relationship: employer controls end result, & manner & means of work. Borrowed servant: employee loaned to employer regarded as
acting for borrower whos vicariously liable for employees torts. Scope of employment: employee working for employer, substantially
within authorized time & space limitations, & motivated (at least in part) by desire to serve employer. Going & coming rule: employer
generally not liable for torts committed by employee during commute unless employee on mission/errand for employer; commute involves
special hazards not typically posed to commuting public; or employee travelling between jobsites. Defenses: IFI Intentional torts:
unless motive of tort from conditions attributable job, & tort reasonably foreseeable due to nature of job/business (e.g. bouncer, guard,
police officer). Frolic: employee (1) significantly departs from employers authorized time/space constraints & (2) acts w/o any substantial
motivation to serve employer. Detour: minor deviation from employers designated time, place, & business, where conduct otherwise
substantially serves employer within scope of employment. Independent contractors: employer not vicariously liable for torts of
independent contractor, unless work SIN: (1) shoddy, dangerous construction; (2) inherently dangerous; or (3) non-delegable; Shoddy
construction: (1) construction, repair, or maintenance of structure on employers premises; (2) IC makes structure unsafe by negligent
work; (3) employer has retaken possession of premises from IC. shoddy construction rule does not apply if IC, through negligent work
unforeseeable to employer, creates temporary risk of harm (other than structural defect) that exists while work in progress & not inherent
to work itself.; Inherently dangerous work: employer knows or should know work peculiarly risk of to others unless special precautions
are taken (e.g., abnormally dangerous activity/cargo, armed security, excavation/timber harvesting in populated areas, or installing electric
wiring). Non-delegable work: responsibility for torts arising from work may not be delegated to IC by law, on public policy grounds (e.g.,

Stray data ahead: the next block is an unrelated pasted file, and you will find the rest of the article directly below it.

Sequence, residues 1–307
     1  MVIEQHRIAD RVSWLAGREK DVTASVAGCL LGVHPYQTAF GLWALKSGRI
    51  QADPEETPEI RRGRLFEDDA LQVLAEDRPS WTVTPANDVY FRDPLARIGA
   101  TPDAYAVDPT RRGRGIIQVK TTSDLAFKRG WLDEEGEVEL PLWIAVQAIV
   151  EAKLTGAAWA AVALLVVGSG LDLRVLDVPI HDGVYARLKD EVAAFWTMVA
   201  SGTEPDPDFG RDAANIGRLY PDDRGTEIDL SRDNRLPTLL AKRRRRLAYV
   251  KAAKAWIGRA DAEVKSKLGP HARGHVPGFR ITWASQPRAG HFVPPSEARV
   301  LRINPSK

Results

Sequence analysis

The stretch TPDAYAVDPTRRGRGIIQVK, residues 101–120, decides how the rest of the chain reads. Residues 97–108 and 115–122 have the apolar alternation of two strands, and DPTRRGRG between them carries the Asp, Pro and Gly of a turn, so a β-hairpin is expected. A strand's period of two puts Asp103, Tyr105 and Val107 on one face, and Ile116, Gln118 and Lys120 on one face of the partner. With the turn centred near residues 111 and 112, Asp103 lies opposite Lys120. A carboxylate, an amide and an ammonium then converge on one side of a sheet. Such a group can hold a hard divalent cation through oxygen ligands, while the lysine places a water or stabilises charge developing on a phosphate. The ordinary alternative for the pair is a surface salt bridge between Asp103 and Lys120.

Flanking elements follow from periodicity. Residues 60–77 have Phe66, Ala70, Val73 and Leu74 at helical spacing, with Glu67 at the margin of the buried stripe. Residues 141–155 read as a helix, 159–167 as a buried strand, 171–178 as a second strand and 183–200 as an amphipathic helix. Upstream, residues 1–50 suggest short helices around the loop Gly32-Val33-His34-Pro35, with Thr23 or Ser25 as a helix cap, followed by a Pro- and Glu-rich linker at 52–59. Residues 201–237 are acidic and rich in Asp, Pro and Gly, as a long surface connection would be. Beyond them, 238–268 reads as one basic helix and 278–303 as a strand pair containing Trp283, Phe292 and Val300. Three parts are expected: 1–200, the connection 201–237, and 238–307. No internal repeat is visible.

duty to provide safe premises, E.R. M.D. duty to provide competent emergency care, or common carriers duty to provide safe
transportation).
Negligent hiring, supervision, & entrustment: An employer (or other ) may be personally (not vicariously) liable for negligent hiring,
supervision, or entrustment of others. Negligent hiring: hiring an employee that employer knows (or should know) to be incompetent,
negligent, careless, or violent. Negligent supervision: failing to properly supervise third party subject to s care, custody, or control.
Negligent entrustment: entrusting third party to participate in activities or operate dangerous instrumentalities where knows (or should
know) that 3P (will or likely) to conduct himself, or utilize instrumentality, to create foreseeable & unreasonable risk of harm to others.

Torts Attack Outline Andrew Gelbman

Prof. E. Tenenbaum (Fall 2016)

Concepts important to know but not covered on final:


V. Strict Products Liability: Proper , Proper (manufacturer, distributor & retailer), Product in defective or unreasonably dangerous
condition, Proximate Cause, Damages, Defenses: Misuse, Contributory Negligence
Product Liability in Negligence: Used Goods, Repairs of Used Goods, leasing real property, services, & franchisors.
VI. Nuisance: Substantial interference w/ use & enjoyment of land or right. Basis may be intentional, negligence or absolute. Public v.
Private, Damages or Injunction may be awarded.
VII. Defamation: 1) Defamatory Message 2) Publication 3) Damages: Pecuniary Required for Slander, Punitive Requires Evil
Slander Per Se: crime or moral turpitude, loathsome disease, business reputation, chastity Public Official: Malice
Defenses: Truth, Absolute Privilege